TDR: There are several Christmas albums I reach for every year. Jimmy Smith’s “Christmas Cooking” is incredible. If you can get past the drum machines, Fats Domino’s “Christmas Gumbo” is a lot of fun. My wife insists we listen to Emmylou Harris’ “By the Light of the Stable” every year as we put up the tree. And if you’re stuck in a family situation where no one can agree on anything and you don’t want to be saddled with a commercial Christmas radio station, any of the eight EPs in Sufjan Stevens’ holiday series will do the trick.
Another treat of the season is watching bands incorporate holiday music into their stage act. Do you have any favorite Christmas concert memories?

BB: What kind of postmodern indie rock utopia do you live in?  Your suggestion that everyone can agree on Sufjan seems bizarre.
Oh, Emmylou!  Perfect.  There are certain voices that are ideal matches for the Christian holiday.  And no, Sufjan’s isn’t one of them.  I’m thinking of Emmylou, Johnny Cash, Dolly Parton, Lou Rawls, Louis Armstrong and Mahalia Jackson.
And I seem to remember that both of us attended a Charles Brown gig on a cold winter night shortly before he passed.  “Merry Christmas, Baby”!

TDR: First off, I should clarify that these Sufjan EPs all pre-date “The Age of Adz,” so he’s still very much in folky banjo troubadour mode. I don’t know why these recordings seem to pacify everyone, but it works for some reason. Granted, it’s a small focus group – six people. My sister and I (and our spouses) are Sufjan fans in general. He has some hymns and traditional material that pleases my parents and his arrangements low-key and accessible for them. Plus, after having to endure James Brown’s “Funky Soulful Christmas” and the Buck Owens Christmas album, I’m sure anything sounds good to them.

I’m not sure I can get behind a Dolly Parton Christmas, but I definitely agree with the rest of the singers on your list. Your mention of Mahalia Jackson reminded me to recommend Odetta’s “Christmas Spirituals,” if you haven’t heard it before.

That Charles Brown show was special to me in many ways. Not only was it his last performance in Kansas City, but it was my first experience at the Grand Emporium. I was 18 at the time, so I needed my dad to go with me so I could get in, not that I had to twist his arm to go. Even though it was February, everyone still enjoyed hearing him play his legendary Christmas songs, tell stories and sing the blues. Thanks for mentioning this amazing experience we shared.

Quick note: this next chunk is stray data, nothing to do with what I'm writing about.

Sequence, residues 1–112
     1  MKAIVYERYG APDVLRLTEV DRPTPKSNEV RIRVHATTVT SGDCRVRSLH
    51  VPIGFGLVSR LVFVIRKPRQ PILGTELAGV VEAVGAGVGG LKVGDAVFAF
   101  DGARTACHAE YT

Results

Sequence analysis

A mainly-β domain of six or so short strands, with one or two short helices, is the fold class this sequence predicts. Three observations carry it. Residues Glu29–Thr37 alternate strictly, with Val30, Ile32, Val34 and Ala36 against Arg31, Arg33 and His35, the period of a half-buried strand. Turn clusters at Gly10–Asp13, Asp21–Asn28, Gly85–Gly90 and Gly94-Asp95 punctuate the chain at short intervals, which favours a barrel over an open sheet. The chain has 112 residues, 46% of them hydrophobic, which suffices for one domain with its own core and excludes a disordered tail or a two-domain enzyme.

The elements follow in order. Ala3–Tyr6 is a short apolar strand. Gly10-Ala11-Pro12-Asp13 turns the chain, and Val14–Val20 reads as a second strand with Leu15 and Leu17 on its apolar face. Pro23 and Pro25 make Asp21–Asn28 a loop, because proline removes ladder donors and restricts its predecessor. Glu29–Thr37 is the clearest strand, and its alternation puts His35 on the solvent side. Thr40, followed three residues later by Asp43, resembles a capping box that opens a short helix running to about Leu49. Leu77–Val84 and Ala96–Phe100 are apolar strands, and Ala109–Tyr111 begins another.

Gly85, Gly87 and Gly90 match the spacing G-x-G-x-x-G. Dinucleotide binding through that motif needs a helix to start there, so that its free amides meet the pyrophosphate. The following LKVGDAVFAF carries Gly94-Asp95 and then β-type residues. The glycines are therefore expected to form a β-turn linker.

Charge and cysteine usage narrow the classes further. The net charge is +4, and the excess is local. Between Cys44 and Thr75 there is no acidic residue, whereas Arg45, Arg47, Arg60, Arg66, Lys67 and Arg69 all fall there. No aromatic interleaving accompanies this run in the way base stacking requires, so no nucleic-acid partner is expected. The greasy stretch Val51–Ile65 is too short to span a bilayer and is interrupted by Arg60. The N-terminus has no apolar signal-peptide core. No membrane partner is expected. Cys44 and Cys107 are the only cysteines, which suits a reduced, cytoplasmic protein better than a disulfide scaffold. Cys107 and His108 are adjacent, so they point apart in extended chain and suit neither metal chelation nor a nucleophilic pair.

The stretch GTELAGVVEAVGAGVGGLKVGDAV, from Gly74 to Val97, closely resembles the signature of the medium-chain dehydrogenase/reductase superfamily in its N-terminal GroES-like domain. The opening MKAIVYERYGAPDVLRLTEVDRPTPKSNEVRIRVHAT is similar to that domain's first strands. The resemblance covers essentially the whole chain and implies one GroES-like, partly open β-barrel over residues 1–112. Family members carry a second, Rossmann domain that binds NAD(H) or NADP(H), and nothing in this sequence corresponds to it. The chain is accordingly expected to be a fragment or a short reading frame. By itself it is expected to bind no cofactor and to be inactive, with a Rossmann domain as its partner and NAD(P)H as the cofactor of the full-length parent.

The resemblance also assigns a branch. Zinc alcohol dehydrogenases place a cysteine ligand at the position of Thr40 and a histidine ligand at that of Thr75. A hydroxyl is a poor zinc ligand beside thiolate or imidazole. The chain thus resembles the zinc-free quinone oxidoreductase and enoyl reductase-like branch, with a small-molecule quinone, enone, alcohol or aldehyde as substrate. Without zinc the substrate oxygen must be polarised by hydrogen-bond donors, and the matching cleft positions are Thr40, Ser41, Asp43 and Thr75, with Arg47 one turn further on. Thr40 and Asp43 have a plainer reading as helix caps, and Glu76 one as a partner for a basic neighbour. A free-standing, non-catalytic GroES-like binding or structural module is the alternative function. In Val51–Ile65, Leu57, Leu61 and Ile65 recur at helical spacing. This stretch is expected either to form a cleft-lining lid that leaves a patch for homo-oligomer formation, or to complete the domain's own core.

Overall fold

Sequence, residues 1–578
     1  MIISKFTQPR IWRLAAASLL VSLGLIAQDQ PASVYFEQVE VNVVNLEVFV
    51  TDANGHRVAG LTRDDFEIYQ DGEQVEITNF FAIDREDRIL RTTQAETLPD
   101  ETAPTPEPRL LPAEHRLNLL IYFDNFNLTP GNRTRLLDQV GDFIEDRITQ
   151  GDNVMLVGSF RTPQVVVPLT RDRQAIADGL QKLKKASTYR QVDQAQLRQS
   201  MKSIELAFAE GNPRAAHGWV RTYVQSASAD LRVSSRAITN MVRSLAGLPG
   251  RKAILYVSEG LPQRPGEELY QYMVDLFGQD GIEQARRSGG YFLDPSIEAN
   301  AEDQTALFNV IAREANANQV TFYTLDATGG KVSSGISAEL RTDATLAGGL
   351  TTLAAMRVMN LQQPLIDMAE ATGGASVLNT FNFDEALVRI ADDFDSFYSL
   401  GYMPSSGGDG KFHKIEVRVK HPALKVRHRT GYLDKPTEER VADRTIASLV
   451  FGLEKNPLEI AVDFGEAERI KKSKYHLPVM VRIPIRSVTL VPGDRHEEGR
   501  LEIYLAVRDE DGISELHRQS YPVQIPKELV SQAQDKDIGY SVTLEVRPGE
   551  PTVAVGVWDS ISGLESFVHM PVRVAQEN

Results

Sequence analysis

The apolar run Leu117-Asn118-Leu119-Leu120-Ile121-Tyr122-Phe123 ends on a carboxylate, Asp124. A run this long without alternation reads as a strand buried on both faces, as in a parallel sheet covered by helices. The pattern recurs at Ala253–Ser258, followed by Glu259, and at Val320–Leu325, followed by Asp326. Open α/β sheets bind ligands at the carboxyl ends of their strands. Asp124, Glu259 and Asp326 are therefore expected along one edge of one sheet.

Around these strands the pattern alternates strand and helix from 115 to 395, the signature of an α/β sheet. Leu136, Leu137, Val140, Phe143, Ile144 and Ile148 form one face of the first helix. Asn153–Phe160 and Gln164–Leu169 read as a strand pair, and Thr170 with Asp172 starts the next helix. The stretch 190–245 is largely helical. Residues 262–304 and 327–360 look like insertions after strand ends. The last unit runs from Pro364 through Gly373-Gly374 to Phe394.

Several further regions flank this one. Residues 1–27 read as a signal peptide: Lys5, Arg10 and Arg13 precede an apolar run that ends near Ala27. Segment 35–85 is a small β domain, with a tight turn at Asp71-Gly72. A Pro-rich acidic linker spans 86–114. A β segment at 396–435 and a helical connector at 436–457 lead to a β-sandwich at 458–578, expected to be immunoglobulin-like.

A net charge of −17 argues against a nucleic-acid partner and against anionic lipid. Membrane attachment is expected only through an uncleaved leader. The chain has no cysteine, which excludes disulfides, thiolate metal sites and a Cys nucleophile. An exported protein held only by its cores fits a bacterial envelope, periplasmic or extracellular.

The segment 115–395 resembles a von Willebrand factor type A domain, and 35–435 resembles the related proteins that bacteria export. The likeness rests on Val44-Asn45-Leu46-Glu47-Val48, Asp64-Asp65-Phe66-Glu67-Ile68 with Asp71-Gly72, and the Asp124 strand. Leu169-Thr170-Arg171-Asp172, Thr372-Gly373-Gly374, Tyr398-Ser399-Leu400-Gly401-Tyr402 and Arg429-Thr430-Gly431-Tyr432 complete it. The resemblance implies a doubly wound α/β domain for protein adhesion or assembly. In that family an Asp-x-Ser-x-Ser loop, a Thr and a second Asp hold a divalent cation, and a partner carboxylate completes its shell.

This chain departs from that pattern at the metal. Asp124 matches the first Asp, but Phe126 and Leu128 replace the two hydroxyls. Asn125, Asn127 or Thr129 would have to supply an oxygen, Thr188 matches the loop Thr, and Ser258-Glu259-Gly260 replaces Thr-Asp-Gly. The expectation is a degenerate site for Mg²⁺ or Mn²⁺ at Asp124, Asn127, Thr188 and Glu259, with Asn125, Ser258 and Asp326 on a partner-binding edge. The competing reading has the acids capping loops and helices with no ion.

More importantly, thank you for taking time to talk about Christmas music with me. Do you have any parting comments before signing off?

BB: I’ll close with a list:

TEN OF MY FAVORITE ODD AND OVERLOOKED CHRISTMAS ALBUMS:
Sam Billen- A Word of Encouragement (2010 release available as a free download)
Brave Combo- It’s Christmas, Man
Charles Brown- Cool Christmas Blues
John Fahey- Christmas Guitar
Dan Hicks- Crazy For Christmas (2010 release)
Tish Hinojosa- Memorabilia Navidena
Manzanera and MacKay Present: The Players- Christmas
Max Roach- It’s Christmas Again
Allen Toussaint & Friends- A New Orleans Christmas
Matt Wilson- Christmas Tree-O (2010 release)

Merry Christmas!

TDR: That’s a great list, Bill. You mention several of my favorites (Allen Toussaint, John Fahey) some I need to hear (Brave Combo, Sam Billen) and some I’ve been unable to find (Manzanera/MacKay, Max Roach). It’s certainly enough to keep me busy until Christmas next year. Thanks for sharing, and thanks for stopping by.

Merry Christmas everyone!

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(Above: The title song from Naomi Shelton’s debut album.)

By Joel Francis
The Daily Record

The first month of 2010 is almost in the history books. Fortunately, there’s still time to take one last look at some overlooked releases from the final quarter of 2009.

The Dodos – “Time to Die”